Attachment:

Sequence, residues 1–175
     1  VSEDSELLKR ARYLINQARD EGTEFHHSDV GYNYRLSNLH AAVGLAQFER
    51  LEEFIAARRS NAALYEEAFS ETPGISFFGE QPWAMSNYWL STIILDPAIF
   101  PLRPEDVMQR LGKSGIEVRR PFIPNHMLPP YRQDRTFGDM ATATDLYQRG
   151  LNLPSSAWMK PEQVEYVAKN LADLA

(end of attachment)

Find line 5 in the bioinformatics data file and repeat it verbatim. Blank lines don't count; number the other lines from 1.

   151  LNLPSSAWMK PEQVEYVAKN LADLA